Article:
Monthly Archives: May 2019

Horizontal Count on Afrimat

Afrimat was originally a construction company which specialised in the supply of what are known as “aggregates” to the road-building industry. With the collapse of the construction industry following the 2010 Soccer World Cup, Afrimat set about re-inventing itself to become a mining company.

The decision to rely less on the road-building industry has paid handsome dividends. It began with the acquisition of the Demaneng iron ore mine in the Northern Cape. More recently (on 8th April 2019) it announced that it had put in a firm offer to buy Universal Coal Plc., a company listed in Australia but which has operations in South Africa. Afrimat has offered R2,1bn for the business which mainly supplies coal to Eskom through contracts valid until 2023. Read More

The Foschini Group

The Foschini Group (TFG) has done things that other clothing retailers have apparently been unable to do. The retail trade in South Africa has been beset by low consumer spending and fierce competition from overseas brands like Cotton On. Large iconic brands like Edgars are teetering on the edge of bankruptcy and yet TFG seems to be able to continue growing its sales and profitability.

The retail clothing business is extremely difficult to manage because of constantly shifting fashions and the need to keep stock levels under control. Rapid, accurate responses are needed to the ever-changing fashion world so that stores can display those styles of clothes which their clients are reading about online.

TFG said that it experienced difficult trading conditions in all three countries where it operates – South Africa, the UK and Australia and yet its results were outstanding.  In South Africa, turnover in the year ended 31st March 2018 was up by 8,9%, in the UK up by 31,3% and 58,3% in  Australia.

Working capital management is critical in this business. This means minimising the amount of capital tied up in stock and debtors. On the debtors side, 72% of TFG’s business is done in cash so the company is not dominated by its debtors’ book. Read More

Transaction Capital

Transaction Capital (TCP) describes itself as “an active investor in and operator of credit-orientated alternative assets”. This is a fancy way of saying that it goes where no one else dares to go in the new South Africa. It has made highly profitable businesses out of financing and servicing the burgeoning mini-bus taxi industry and also out of buying up high-risk debtors books for a fraction of their face value and then systematically collecting the outstanding amounts.

Both of these industries are risky, but both also have enormous potential to be profitable. Transaction Capital has made an excellent business out of finding high-tech ways to reduce the risks which leaves it free to exploit these two “under-served segments of the South African and Australian financial services markets” almost without significant competition. Read More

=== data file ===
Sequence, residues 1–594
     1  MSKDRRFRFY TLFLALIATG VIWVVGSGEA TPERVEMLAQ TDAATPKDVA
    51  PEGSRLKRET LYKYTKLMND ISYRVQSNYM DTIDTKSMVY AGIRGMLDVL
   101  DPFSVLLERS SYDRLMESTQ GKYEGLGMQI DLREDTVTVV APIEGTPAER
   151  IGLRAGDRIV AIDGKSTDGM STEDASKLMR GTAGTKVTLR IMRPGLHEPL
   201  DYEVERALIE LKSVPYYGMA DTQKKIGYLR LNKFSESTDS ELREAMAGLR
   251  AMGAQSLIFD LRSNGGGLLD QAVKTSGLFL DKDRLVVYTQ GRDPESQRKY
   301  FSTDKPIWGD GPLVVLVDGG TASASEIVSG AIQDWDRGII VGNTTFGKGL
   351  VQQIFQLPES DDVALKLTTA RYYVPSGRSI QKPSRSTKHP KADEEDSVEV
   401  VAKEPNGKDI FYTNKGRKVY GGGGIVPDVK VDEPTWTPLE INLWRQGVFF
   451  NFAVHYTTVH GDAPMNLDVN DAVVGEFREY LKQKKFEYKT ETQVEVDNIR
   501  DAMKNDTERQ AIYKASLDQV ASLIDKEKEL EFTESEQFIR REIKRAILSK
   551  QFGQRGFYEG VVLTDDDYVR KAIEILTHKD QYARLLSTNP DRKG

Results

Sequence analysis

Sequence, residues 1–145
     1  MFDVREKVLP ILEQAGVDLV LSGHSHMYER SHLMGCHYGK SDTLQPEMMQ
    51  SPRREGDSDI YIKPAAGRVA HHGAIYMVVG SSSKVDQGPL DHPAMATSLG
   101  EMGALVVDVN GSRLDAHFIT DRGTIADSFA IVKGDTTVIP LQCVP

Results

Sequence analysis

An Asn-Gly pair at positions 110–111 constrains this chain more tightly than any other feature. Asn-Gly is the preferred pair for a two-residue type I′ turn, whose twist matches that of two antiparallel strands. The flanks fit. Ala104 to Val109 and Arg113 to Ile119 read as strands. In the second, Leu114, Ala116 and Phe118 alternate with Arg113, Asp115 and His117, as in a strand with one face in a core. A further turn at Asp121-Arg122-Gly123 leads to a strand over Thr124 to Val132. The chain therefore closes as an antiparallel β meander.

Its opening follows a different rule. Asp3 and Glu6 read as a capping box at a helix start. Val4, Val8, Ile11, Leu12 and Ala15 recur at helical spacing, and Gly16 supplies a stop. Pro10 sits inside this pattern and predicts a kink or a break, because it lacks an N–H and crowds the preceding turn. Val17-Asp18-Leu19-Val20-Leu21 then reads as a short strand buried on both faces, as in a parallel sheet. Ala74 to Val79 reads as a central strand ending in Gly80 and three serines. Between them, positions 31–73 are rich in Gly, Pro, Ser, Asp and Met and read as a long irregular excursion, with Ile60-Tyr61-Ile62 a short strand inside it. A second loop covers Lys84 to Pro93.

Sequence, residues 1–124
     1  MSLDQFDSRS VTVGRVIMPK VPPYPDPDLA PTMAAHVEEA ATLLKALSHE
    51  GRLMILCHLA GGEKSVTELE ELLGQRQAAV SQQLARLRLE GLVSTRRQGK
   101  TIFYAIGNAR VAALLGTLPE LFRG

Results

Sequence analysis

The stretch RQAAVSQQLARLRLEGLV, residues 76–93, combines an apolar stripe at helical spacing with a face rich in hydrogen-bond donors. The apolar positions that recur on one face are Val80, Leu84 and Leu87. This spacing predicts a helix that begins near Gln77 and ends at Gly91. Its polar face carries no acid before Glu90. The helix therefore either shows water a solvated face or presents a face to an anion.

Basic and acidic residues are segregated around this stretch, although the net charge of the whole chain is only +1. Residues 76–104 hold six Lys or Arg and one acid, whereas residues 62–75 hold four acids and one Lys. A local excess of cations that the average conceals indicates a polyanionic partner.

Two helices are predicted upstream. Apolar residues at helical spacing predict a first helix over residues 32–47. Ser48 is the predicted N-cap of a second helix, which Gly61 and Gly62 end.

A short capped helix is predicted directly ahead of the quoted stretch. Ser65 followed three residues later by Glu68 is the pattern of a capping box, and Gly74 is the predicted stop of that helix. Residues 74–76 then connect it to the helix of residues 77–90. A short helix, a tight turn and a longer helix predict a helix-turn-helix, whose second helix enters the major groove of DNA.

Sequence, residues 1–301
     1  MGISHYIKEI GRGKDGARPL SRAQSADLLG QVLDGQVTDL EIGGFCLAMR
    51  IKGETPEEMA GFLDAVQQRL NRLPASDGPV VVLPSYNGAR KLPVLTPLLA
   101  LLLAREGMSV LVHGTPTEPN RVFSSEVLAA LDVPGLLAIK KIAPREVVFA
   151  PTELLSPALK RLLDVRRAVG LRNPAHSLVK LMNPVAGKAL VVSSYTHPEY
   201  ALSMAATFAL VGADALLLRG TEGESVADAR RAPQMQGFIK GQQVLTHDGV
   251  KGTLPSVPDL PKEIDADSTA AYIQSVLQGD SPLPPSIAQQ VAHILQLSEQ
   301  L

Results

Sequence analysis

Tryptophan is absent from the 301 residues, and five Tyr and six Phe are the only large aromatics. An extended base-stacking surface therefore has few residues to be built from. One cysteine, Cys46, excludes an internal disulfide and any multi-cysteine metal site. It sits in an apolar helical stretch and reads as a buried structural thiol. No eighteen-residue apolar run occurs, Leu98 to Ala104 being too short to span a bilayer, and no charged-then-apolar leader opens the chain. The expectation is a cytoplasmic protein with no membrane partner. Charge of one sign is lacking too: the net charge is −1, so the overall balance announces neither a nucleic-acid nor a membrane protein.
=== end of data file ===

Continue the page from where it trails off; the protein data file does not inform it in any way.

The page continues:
FirstRand (FSR) is a company listed on the Johannesburg Stock Exchange (JSE), well renowned and highly favoured by big institutions because of its large volumes (trading daily on average 1.3 million shares per day) and its quality management.

It operates in 10 African countries, and has platforms in Africa, Asia and Europe. It also has representative offices in Dubai and Shanghai, as well as a branch in India. The company was founded by Laurie Dippenaar, G.T. Ferriera and Paul Harris in the 1970’s. With a market capitalisation of R355bn, it is by far the largest banking group in South Africa. FNB offers a diverse range of banking products to consumers, small and large businesses and government departments. Wesbank is the largest asset financing company in Southern Africa covering vehicles of all types, both private and consumer, as well as aviation assets and agriculture. It also has operations in the UK and in Africa to the North. Ashburton is in asset management and related markets in the UK. RMB offers corporate and investment banking in 35 African countries. Read More

Learning from Steinhoff

The Steinhoff debacle, which really came to an end on Wednesday when they published their re-stated financials for the 2017 year (reported in Business Day of 9th May 2019), contains some vital lessons for private investors.

The financials reveal a web of companies which were used by a group of unscrupulous executives to move money around, overstate profits and obscure fraudulent transactions.

Clearly, the investing public and even the highly-qualified and experienced analysts at various asset management companies like Coronation, Allan Gray and the Public Investment Corporation (PIC) were fooled into thinking that Steinhoff was a solid blue chip company which was growing rapidly.

Steinhoff’s financial results were analysed exhaustively. Steinhoff executives were interviewed and questioned about various aspects of the business. Auditors did numerous spot checks of the figures and wrote clean audit reports. Nobody realized until it was too late that the structure and the published results were just “smoke and mirrors”.

How can a private investor with limited time and resources protect himself against this type of cataclysm? Read More

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